Dr. Robert Butler, who passed away in 2010, was the head of the National Institute on Aging at the National Institutes of Health and founder of the International Longevity Center (it’s worth a trip to surf over to http://www.ilcusa.org). In May 2010, he published The Longevity Prescription: The 8 Proven Keys to a Long, Healthy Life. Even at age 83, he practiced what he preached and was regarded as a preeminent authority on aging and longevity.
Here is a brief summary of the eight principles Dr. Butler suggested will help us to lead longer, healthier lives, particularly in the retirement years:
- Don’t smoke.
- Drink very modestly.
- Get sufficient sleep.
- Manage your stress.
- Eat plenty of fruits and vegetables.
- Engage in a variety of exercise regimes (aerobic, strength, and balance).
- Stay in touch with friends and family.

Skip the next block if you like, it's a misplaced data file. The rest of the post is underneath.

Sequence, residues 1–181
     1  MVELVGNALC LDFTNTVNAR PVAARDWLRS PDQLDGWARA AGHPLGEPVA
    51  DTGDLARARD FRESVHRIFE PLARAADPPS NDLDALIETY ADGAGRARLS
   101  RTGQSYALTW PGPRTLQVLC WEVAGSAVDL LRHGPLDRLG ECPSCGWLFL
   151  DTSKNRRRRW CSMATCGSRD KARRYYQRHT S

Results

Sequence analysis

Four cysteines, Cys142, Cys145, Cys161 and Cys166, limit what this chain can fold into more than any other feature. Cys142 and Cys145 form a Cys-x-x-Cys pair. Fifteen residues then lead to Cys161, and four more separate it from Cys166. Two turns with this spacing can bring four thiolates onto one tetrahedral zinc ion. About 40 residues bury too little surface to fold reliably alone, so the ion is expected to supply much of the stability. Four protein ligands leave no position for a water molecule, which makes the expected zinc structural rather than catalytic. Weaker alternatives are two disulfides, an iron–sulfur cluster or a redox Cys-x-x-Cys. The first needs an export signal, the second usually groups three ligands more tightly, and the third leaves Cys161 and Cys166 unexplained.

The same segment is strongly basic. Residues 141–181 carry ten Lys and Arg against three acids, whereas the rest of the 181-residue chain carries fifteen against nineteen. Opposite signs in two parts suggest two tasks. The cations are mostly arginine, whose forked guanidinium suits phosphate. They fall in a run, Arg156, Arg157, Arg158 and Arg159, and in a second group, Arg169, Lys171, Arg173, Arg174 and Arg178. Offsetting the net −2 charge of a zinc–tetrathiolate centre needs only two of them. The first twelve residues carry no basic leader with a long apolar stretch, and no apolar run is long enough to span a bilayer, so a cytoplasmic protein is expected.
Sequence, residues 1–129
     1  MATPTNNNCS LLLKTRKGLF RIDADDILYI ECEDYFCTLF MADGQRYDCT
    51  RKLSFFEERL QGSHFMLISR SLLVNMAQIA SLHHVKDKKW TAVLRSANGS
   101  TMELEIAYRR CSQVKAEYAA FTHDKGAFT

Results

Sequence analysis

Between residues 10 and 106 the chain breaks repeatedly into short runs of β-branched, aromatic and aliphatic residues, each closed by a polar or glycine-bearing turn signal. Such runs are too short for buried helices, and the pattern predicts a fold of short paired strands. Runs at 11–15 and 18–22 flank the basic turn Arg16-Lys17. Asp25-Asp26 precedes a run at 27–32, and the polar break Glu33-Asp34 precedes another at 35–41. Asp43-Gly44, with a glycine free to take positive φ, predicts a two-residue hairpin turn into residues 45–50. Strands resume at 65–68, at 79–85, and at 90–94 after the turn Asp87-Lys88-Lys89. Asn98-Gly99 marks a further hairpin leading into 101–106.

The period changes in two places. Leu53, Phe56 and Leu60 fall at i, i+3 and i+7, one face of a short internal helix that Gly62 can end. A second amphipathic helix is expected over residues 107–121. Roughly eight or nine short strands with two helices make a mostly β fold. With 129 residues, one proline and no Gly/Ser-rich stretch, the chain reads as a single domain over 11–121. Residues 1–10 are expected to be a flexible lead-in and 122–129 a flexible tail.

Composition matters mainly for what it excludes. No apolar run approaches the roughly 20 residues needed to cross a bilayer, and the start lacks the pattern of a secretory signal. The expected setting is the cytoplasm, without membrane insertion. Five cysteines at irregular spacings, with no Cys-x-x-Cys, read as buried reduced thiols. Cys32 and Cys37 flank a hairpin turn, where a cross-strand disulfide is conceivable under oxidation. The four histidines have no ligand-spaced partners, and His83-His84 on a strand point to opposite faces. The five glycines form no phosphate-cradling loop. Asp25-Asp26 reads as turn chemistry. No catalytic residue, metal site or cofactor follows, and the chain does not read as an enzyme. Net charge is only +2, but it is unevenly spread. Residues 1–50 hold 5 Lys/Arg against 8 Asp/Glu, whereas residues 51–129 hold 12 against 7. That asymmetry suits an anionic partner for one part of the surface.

- Identify a purpose in life you can be passionate about, such as a second career in retirement.
All of the eight principles are backed up by proven research, with the goal of balancing good physical health with emotional well-being. Dr. Butler’s book includes a straightforward action plan readers can easily customize to their personal situations and needs.
As you look at the eight principles, notice the mix of physical health/activities (five principles) with emotional health/activities (three principles). Undergirding the costs of maintaining these principles is your retirement wealth, especially if Dr. Butler’s longevity prescription leads to two or three decades of retirement years. Hence it’s important to preserve a strong balance between the three key areas in retirement living: health, wealth and happiness. As you map out the plans for your retirement years, be sure to include strategies for all three areas.